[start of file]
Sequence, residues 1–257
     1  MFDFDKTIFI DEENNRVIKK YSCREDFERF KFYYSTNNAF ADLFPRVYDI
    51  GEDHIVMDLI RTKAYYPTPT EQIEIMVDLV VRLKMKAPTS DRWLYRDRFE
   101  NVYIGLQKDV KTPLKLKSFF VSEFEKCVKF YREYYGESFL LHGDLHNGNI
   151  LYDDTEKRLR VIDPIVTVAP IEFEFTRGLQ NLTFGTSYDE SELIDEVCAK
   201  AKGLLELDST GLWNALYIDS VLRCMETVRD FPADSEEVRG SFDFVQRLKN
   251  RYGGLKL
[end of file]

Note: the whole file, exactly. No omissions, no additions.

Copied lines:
Sequence, residues 1–257
     1  MFDFDKTIFI DEENNRVIKK YSCREDFERF KFYYSTNNAF ADLFPRVYDI
    51  GEDHIVMDLI RTKAYYPTPT EQIEIMVDLV VRLKMKAPTS DRWLYRDRFE
   101  NVYIGLQKDV KTPLKLKSFF VSEFEKCVKF YREYYGESFL LHGDLHNGNI
   151  LYDDTEKRLR VIDPIVTVAP IEFEFTRGLQ NLTFGTSYDE SELIDEVCAK
   201  AKGLLELDST GLWNALYIDS VLRCMETVRD FPADSEEVRG SFDFVQRLKN
   251  RYGGLKL